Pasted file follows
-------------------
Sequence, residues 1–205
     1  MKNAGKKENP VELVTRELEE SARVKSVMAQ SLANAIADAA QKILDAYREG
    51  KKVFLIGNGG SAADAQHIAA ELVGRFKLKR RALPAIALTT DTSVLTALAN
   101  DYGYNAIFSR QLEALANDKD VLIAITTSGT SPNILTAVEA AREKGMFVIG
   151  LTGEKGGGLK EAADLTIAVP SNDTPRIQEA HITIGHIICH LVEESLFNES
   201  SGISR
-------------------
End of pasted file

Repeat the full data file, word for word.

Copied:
Sequence, residues 1–205
     1  MKNAGKKENP VELVTRELEE SARVKSVMAQ SLANAIADAA QKILDAYREG
    51  KKVFLIGNGG SAADAQHIAA ELVGRFKLKR RALPAIALTT DTSVLTALAN
   101  DYGYNAIFSR QLEALANDKD VLIAITTSGT SPNILTAVEA AREKGMFVIG
   151  LTGEKGGGLK EAADLTIAVP SNDTPRIQEA HITIGHIICH LVEESLFNES
   201  SGISR